BENSON, EDWARD WHITE: Archbishop of Canterbury; b. at Birmingham July 14, 1820; d. at Hawarden (6 m. e. of Chester) Oct. 11, 1896. He studied at Trinity College, Cambridge (B.A., 1852); became master at Rugby 1852; was ordained priest 1857; in 1859 was appointed first head master of Wellington College (on the border of Windsor forest, near Wokingham, Berkshire); was appointed examining chaplain by the bishop of Lincoln (Christopher Wordsworth) in 1868, prebendary of Lincoln 1869, and chancellor and residentiary canon 1872, when he resigned his mastership and took up his residence at Lincoln. In 1877 he was consecrated first bishop of Truro (Cornwall); and was translated to Canterbury in 1883. He was a man of great energy, determined, and self-reliant. His industry was unremitting, and he found time for reading and study, the fruits of which appeared in the posthumous publications Cyprian, his Life, his Times, his Work (London, 1897) and The Apocalypse (1899). His administrative ability was shown in the development of Wellington College, which was practically his creation, and the thorough and efficient organization of the new diocese of Truro, where he formed a divinity school to train candidates for holy orders, began the erection of a cathedral, and founded and strengthened schools. He was the first bishop to appoint a canon missioner. As archbishop he strove for legislation effecting reforms in church patronage and discipline; opposed and prevented the disestablishment of the Church of Wales; created, in 1886, a body of laymen to act in an advisory capacity with the convocation of his province; cultivated cordial relations with the Nestorians and other Eastern Christians, but repelled what may have been intended as an advance to his own Church from Rome. He sat as judge in the trial of Bishop King of Lincoln, charged with certain ritual offenses (1889-90), and in the judgment which he delivered produced a masterly exposition of the law of the prayer-book, based upon the entire history of the English Church. Besides the works already mentioned, a volume of Prayers, Public and Private appeared posthumously (1899), and he published during his lifetime several volumes of sermons and addresses.
BIBLIOGRAPHY: A. C. Benson, Life of E. W. Benson, 2 vols., London, 1899, abridged ed., 1901 (by his eldest son); J. H. Bernard, Archbishop Benson in Ireland, London, 1898; DNB, Supplement, vol. i, 17l-179.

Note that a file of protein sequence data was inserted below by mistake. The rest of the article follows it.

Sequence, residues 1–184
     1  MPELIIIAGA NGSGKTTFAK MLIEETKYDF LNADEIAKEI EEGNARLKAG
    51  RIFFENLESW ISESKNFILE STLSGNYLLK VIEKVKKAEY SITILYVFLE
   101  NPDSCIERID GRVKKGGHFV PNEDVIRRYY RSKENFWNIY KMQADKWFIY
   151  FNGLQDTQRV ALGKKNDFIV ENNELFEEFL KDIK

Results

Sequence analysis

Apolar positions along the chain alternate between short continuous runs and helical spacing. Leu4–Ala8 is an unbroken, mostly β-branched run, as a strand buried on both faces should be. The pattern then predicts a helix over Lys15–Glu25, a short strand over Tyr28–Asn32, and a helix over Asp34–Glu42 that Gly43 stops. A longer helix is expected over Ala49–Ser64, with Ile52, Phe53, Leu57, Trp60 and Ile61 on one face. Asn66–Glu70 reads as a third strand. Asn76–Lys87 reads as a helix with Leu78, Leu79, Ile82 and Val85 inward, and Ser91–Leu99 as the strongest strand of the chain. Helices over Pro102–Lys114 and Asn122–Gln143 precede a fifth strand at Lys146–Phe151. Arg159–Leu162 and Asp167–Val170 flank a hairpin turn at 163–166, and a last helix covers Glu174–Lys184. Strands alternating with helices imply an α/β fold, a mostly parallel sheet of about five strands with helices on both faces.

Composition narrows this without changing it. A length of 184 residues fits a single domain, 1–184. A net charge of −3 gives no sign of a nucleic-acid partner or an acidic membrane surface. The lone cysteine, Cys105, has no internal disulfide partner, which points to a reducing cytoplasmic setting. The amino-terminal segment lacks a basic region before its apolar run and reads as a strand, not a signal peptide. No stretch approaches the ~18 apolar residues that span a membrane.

BENTLEY, RICHARD: English theologian and scholar; b. at Oulton, near Wakefield (25 m. s.w. of York), Yorkshire, Jan. 27, 1662; d. at Cambridge July 14, 1742. He was the son of a blacksmith,
Ordained 1690, probably at once Stillingfleet's house-chaplain, he became canon of Worcester in 1692, librarian to the king in 1694, chaplain in ordinary to the king in 1695, D.D. from Cambridge and Master of Trinity in 1699, vice-chancellor of the University 1700, archdeacon of Ely 1701. His intrigues secured his election as regius professor of theology in 1717. His apparent love of power led the academic senate, Oct. 17, 1718, to deprive him, illegally, of his academic degrees, which a decree of court restored to him in 1724. He was almost always in hot water either in literature, in his college, or in politics. Legally deprived of his mastership in 1734, he kept it, simply because the man who should oust him did not choose to move.
He delivered the first Boyle lectures (see BOYLE, ROBERT) in 1692, his intimate friend Isaac Newton helping him. He wrote against the freethinker Collins in 1713. Sterne quoted in Tristram Shandy his sermon on papistry, 1715. In 1691 he wrote to John Mill about the text of the New Testament, in 1713 he discussed the readings, and in 1720 he published his proposals for a new edition. At least from 1716 on, and apparently as late as 1732, he caused collations to be made in the libraries from London to Rome. But he did not publish an edition, probably because he found it impossible to give what he wished to give. His collations are in the library of Trinity College.
BIBLIOGRAPHY: The best life is by R. C. Jebb, in English Men of Letters, London, 1887. Consult also J. H. Monk, Life of Richard Bentley . . . with an Account of his Writings, 2d corrected ed., ib. 1833; A. A. Ellis, Bentleii critica sacra, Cambridge, 1862; DNB, iv, 306-314.
Calvin College. Last modified on 05/10/04. Contact the CCEL.